Metyrapone primarily inhibits the activity of 11 beta-hydroxylase activity (11β-OH), which results in a reduction in cortisol production of cortisol[25]. Consequently, there is an accumulation of intermediate mineralocorticoid precursors (11-DOC)[26] and a shunting of progesterone and pregnenolone to androgen production[27]. Mitotane inhibits various adrenal steroidogenic enzymes, including the side chain cleavage enzyme complex(StAR/SCC), 11beta hydroxylase(11β-OH), and 3βHSD[23]. Ketoconazole similarly inhibits various steroidogenic enzymes, including the side chain cleavage enzyme complex, 17alpha hydroxylase (17α-OH), and 11β-OH enzymes[23]. Redrawn and modified from Daniel E, Newell-Price JDC (2015) Therapy of endocrine disease: steroidogenesis enzyme inhibitors in Cushing syndrome. Eur J Endocrinol 172:R263-280[28]

Ketoconazole-induced apparent mineralocorticoid excess

There is a reported case of apparent mineralocorticoid excess (AME) in a patient treated with ketoconazole. The patient developed hypokalemia and hypertension in a manner that simulated a "non-glucocorticoid-mediated" AME. Unlike metyrapone, which mainly inhibits 11-beta hydroxylase (not to be confused with 11β-HSD), ketoconazole inhibits 11-beta hydroxylase and proximal side chain cleavage enzymes. Conventionally, this results in a relatively lower concentration of 11-Deoxycorticosterone (a potent mineralocorticoid) in patients treated with ketoconazole compared to metyrapone. Therefore, hypertension and hypokalemia can be inadvertently attributed to refractory hypercortisolemia (effects of excess cortisol overwhelming 11β-HSD2 and activating renal MCR) rather than accumulation of DOC (see Figure 1.4). In this scenario, an increase in the dose of ketoconazole due to the presumed uncontrolled hypercortisolemia would exacerbate hypertension and hypokalemia (mineralocorticoid effects of DOC). Although DOC-mediated hypertension is more common in patients treated with metyrapone, this rare case report highlights the possibility of ketoconazole-mediated hypertension due to accumulation of DOC in Cushing's syndrome[29].


Mifepristone, also known as RU486 (Roussel-Uclaf 38486), has antiglucocorticoid and antiprogesterone effects. RU486 binds to the ligand-binding domain of the cytosolic glucocorticoid receptor without directly promoting its downstream effects, such as the activation of hormone response elements and transcription factors involved in glucocorticoid-mediated gene function[30].

There are two isoforms of the glucocorticoid receptor (GR), namely, the GRα and GRβ glucocorticoid receptor. The GRα isoform is the proverbial "classic glucocorticoid receptor" in the cytosol, while the GRβ isoform resides in the nucleus. The GRβ receptor exerts a mainly modulatory role by inhibiting the function of GRα[31].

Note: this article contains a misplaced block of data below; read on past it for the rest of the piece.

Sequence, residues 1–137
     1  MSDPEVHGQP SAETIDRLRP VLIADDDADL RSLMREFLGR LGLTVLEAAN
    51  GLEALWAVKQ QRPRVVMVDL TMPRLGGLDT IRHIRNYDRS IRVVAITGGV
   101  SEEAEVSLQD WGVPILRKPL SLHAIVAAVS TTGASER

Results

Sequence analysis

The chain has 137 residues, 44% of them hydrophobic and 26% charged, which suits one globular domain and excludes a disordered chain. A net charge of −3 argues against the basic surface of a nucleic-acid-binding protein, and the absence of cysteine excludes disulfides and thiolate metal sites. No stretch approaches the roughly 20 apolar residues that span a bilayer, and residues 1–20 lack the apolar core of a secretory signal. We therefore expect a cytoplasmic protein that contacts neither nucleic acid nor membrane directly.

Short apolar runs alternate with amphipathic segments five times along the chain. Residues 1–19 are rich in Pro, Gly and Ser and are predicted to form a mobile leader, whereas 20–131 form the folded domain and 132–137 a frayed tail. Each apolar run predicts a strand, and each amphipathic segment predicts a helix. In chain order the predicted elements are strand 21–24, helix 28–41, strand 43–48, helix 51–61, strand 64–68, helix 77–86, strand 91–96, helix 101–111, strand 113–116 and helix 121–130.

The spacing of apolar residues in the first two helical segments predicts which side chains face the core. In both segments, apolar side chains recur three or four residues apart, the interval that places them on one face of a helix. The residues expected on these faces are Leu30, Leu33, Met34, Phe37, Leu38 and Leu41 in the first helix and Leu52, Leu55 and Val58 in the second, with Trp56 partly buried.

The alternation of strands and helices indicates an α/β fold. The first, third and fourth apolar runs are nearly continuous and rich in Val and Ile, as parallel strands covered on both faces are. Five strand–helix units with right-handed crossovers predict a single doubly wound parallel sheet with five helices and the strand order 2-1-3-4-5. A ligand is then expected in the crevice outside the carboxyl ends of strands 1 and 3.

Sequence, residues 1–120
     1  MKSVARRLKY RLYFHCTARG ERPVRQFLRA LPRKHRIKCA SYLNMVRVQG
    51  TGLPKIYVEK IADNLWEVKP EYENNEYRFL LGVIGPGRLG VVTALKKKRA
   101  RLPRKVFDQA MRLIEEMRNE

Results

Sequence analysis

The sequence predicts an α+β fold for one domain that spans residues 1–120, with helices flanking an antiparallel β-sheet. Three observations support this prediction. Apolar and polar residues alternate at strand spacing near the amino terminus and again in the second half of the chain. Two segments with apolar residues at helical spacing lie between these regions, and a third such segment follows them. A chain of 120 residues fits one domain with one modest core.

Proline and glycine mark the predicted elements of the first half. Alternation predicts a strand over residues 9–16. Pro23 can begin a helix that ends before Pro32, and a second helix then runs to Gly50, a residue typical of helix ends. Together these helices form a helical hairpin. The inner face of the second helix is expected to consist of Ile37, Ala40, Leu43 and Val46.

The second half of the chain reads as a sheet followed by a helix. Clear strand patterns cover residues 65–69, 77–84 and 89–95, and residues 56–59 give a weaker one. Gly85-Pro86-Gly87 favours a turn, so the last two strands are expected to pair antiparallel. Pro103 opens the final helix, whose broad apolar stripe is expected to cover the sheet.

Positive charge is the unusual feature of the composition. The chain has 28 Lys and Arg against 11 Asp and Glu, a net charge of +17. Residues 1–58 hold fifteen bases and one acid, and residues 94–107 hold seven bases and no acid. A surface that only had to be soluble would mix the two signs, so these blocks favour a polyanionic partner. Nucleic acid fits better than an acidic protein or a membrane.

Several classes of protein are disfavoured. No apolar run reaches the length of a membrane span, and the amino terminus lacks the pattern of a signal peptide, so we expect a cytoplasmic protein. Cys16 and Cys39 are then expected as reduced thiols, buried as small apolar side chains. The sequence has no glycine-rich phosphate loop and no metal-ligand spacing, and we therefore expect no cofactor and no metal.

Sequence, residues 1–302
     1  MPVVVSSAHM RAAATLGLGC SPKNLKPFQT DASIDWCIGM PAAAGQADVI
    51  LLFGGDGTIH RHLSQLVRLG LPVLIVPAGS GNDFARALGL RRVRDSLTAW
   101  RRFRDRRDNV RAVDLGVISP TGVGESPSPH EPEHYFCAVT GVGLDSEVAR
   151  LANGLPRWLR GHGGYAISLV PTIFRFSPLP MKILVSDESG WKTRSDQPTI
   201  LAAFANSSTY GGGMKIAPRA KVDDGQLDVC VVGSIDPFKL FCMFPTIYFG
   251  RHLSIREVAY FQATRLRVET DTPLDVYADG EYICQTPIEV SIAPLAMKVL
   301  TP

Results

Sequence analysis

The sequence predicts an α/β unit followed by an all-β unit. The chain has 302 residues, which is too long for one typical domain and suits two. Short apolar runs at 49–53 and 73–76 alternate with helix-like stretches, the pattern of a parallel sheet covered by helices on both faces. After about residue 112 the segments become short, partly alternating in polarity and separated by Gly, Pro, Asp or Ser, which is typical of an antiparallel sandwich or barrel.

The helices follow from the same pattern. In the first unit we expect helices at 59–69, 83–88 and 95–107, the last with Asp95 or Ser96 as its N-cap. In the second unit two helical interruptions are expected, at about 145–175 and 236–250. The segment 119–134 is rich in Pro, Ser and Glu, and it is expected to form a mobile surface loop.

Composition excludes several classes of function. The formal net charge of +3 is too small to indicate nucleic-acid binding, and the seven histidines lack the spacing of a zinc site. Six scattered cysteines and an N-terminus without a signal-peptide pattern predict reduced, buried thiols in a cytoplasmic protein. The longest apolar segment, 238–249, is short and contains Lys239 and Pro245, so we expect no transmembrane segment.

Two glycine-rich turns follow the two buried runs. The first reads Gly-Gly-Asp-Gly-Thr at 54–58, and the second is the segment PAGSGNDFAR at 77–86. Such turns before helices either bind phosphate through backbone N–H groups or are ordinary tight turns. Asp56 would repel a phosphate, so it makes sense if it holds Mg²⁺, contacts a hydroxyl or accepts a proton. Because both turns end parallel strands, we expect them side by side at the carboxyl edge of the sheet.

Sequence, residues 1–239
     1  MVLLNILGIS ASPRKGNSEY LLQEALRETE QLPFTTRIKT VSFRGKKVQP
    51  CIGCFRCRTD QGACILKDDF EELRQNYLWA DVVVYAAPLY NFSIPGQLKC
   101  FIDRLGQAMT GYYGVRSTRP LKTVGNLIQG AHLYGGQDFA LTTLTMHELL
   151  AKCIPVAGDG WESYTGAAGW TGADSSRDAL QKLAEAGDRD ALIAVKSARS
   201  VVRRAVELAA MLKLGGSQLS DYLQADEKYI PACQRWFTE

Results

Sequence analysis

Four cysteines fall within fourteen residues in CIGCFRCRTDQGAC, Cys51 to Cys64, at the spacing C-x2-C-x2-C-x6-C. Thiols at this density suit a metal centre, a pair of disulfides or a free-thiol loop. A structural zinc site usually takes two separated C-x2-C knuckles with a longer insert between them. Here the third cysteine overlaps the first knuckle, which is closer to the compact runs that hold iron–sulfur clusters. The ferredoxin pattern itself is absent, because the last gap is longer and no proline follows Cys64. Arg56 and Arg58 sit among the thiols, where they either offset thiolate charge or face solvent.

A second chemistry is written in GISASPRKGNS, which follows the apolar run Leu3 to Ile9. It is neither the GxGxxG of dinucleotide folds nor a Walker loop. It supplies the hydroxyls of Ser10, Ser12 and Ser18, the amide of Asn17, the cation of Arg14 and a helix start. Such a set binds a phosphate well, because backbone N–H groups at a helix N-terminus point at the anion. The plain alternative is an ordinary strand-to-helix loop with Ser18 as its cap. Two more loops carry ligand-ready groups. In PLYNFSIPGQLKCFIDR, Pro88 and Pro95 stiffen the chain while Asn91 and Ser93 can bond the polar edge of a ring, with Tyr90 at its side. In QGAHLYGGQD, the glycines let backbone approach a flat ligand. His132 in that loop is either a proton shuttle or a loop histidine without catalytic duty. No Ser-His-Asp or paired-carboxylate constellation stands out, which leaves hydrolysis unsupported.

Glucocorticoid receptor physiology.

Glucocorticoid receptor physiology

Cortisol (glucocorticoid), a steroid hormone, diffuses through the plasma membrane to bind to the ligand-binding domain (LBD) of the cytosolic glucocorticoid receptor (Step 1). The hormone-receptor complex undergoes a conformational change and is then translocated from the cytosol to the nucleus to exert its genomic effects (step 2). The glucocorticoid receptor's DNA binding domain (DBD) binds to its assigned hormone response sequence, the Glucocorticoid Response Element (GRE), to exert its intranuclear effects. This leads to the activation of transcription factors that can activate or inactivate gene expression[31,32]. Glucocorticoids can also exert nongenomic effects through various kinases (step 3). This typically occurs minutes after ligand-receptor interaction in the cytosol[31]. The non-genomic effects of glucocorticoids include inflammatory and non-inflammatory processes (calcium mobilization and muscle function) processes[33]. GRβ inhibits the intranuclear effects of GRα[31]. Redrawn and modified from Oakley RH, Cidlowski JA (2013) The Biology of the Glucocorticoid Receptor: New Signaling Mechanisms in Health and Disease. J Allergy Clin Immunol 132:1033–1044[31]

Summary Of Therapeutic Targets In Cushing's Disease 


The primary site of action


Anterior pituitary gland (SSR1, SSR2, SSR3, and SSR5 receptors)

Retinoic acid

Anterior pituitary gland (Retinoic acid receptors)


Anterior pituitary gland (Dopaminergic receptors)


Adrenal steroidogenesis inhibitor


Adrenal steroidogenesis inhibitor


Adrenal steroidogenesis inhibitor


Glucocorticoid receptor antagonist

Adapted from Hinojosa-Amaya, JM et al. (2019), Medical Management of Cushing syndrome: Current and emerging treatments. Drugs 79:935–956 [34]


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This was first published on June 24, 2023 and Last Updated on June 24, 2023 by MyEndoConsult